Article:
Lucio Battisti Umanamente Uomo: Il Sogno
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- Released: June 20, 2006
- Label: Water
The Wire - p.66"[The album] shows him experimenting with lush orchestrations and offbeat arrangements. It signalled the more experimental direction his music would take..."
- 1.I Giardini di Marzo
- 2.Innocenti Evasioni
- 3.E Penso a Te
- 4.Umanamente Uomo: Il Sogno
- 5.Comunque Bella
- 6.Il Leone E la Gallina
- 7.Sognando E Risognando
- 8.Il Fuoco
Personnel: Lucio Battisti (acoustic guitar, electric guitar, keyboards); Lucio Battisti (vocals, guitar, piano); Massima Luca (guitar, acoustic guitar, electric guitar); Eugenio Gara¤eda (electric guitar); Dario Baldan (piano, electric piano, organ); Angelo Salvador (bass instrument); Tony Cicco (drums, percussion, background vocals); Tony Cicco (drums, percussion); Oscar Prudente, Mario Lavezzi (background vocals).
Liner Note Author: Michael Saltzman.
Photographer: Caesar Monti.
Unknown Contributor Role: Lucio Battisti.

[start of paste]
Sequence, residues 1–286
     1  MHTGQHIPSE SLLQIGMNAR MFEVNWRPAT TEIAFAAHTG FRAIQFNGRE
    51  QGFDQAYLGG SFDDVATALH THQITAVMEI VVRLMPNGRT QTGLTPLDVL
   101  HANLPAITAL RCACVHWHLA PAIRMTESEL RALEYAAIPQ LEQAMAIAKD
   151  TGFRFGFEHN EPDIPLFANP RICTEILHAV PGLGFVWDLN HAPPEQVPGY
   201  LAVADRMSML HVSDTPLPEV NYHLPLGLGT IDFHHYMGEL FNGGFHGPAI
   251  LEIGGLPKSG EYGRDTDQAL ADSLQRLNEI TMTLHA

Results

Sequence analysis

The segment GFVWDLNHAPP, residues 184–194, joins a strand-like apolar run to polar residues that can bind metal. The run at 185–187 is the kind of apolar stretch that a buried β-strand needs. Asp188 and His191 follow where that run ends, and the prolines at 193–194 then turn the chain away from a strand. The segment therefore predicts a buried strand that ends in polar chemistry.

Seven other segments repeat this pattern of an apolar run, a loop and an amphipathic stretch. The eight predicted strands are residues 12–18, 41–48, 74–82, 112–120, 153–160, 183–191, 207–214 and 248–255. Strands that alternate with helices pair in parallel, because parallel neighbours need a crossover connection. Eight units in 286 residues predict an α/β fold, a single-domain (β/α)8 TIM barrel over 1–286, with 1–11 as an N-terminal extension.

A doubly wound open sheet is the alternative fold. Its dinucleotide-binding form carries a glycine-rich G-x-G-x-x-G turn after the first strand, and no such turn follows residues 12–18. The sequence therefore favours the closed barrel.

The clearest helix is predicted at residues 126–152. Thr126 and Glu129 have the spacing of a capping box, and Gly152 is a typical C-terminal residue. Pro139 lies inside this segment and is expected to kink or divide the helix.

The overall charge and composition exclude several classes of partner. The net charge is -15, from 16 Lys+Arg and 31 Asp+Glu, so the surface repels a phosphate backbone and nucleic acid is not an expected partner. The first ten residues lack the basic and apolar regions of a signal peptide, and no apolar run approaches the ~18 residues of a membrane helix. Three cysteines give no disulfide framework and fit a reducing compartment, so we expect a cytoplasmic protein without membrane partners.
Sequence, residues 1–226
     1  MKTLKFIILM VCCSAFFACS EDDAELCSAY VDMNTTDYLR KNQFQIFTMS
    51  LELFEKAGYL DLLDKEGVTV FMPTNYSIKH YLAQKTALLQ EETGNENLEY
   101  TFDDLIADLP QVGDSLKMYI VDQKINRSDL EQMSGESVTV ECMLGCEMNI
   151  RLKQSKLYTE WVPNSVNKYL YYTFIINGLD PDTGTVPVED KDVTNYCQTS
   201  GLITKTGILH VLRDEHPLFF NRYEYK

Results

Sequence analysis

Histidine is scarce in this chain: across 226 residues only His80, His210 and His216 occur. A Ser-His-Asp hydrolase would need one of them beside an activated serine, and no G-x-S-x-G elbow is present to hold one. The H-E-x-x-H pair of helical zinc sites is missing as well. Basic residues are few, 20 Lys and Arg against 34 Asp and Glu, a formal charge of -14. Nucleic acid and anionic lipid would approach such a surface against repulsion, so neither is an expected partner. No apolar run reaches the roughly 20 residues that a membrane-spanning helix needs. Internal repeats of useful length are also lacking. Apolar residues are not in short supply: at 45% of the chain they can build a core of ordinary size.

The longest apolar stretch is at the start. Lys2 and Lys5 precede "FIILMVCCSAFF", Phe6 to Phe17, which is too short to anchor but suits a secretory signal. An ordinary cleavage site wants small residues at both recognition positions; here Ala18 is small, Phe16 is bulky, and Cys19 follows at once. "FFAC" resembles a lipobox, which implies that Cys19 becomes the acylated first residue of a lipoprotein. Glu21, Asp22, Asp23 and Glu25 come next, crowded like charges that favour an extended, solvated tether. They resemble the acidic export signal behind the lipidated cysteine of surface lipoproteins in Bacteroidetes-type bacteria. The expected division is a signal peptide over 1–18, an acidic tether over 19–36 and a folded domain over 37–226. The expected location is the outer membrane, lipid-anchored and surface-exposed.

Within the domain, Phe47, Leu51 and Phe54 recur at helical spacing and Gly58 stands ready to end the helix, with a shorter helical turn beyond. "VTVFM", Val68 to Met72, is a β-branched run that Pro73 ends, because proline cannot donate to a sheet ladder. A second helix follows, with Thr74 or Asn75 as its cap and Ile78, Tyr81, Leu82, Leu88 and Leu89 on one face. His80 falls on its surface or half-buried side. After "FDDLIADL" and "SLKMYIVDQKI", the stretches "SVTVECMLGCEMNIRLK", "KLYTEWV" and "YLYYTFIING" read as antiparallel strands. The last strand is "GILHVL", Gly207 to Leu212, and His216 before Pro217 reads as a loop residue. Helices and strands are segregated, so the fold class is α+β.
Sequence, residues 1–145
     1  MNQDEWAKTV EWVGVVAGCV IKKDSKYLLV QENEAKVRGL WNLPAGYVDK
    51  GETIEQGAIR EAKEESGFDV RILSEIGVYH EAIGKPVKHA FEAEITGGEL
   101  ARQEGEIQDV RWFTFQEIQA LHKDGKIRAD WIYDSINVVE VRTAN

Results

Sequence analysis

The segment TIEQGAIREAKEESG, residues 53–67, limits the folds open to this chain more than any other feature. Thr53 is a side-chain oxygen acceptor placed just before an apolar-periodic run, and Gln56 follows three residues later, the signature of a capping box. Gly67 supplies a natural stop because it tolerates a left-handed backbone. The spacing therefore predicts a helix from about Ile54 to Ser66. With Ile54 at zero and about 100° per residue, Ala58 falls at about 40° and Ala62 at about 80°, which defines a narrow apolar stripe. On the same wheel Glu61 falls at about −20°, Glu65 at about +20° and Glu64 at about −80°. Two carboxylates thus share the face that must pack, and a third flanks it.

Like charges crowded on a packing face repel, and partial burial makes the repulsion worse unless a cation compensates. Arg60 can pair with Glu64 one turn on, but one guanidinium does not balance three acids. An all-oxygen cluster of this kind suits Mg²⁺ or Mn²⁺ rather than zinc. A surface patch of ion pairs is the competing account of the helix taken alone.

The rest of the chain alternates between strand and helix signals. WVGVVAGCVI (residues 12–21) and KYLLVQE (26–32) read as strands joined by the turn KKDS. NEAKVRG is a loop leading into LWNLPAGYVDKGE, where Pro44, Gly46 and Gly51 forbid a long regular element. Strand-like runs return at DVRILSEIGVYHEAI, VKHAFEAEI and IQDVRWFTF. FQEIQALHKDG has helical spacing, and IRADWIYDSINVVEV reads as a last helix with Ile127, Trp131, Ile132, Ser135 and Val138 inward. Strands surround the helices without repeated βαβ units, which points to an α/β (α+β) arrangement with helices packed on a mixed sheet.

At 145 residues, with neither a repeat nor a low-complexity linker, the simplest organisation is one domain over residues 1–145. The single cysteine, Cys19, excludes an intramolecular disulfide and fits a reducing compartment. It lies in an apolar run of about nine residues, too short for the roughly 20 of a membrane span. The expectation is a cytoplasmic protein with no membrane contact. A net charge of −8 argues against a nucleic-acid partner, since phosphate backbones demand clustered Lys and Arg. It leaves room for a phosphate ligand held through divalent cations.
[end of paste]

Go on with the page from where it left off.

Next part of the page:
Much of Lucio Battisti's Umanamente Uomo: Il Sogno is romantic, at times even sentimentally lush pop, with influences from rock and folk. But there are enough unexpected colorings to mark this as a reasonably daring record, if one still grounded for the most part in conventional song structures. Certainly "I Giardini Di Marzo" is the most accessible track, its plaintive, haunting melody and yearning vocals complemented by soaring, expansive orchestration that falls just short of dripping pathos. Other cuts, however, get closer to the more eclectic, progressive vibe that's helped Battisti acquire some cult listeners among psychedelic/prog collectors in the English-speaking world. "Innocenti Evasioni," for instance, crosses a pre-disco rhythm with neat muted wah-wah guitar; the title track is rather like hearing one of those instrumental cuts from Nick Drake's Bryter Later as filtered through more unabashedly unreserved Italian romantic heartbreak. "Communique Bella" draws more heavily from early-'70s British rock trends, its cathedral-like art rock organ alternating with pastoral acoustic folk, and "Sognando e Risognando" gets into dark, relatively hard-rocking folk-rock. None of this prepares anyone for the closing "Il Fuoco," a mostly instrumental piece of bleak, wobbling distorted guitar tweaks and a bit of death-rattle chanting, which is wholly unlike anything else on the album. Much of this CD, however, is expansive, fairly melancholy, tuneful, heart-on-the-sleeve pop with some individualistic touches. This approach might make Battisti one of the more accessible figures on the Italian rock scene for non-Italian speakers, though the inability of most such listeners to understand his lyrics will limit his international appeal as well. The 2006 CD reissue adds historical liner notes (in English). ~ Richie Unterberger
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